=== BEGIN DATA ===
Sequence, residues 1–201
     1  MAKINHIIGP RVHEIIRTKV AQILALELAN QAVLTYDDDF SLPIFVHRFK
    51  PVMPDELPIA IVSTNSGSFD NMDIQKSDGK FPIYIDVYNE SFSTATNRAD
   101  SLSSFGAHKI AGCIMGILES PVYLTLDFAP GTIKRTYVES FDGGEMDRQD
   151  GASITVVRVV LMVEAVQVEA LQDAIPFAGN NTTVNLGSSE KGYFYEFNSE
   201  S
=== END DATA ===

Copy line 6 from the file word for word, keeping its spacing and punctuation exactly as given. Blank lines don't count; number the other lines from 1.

   201  S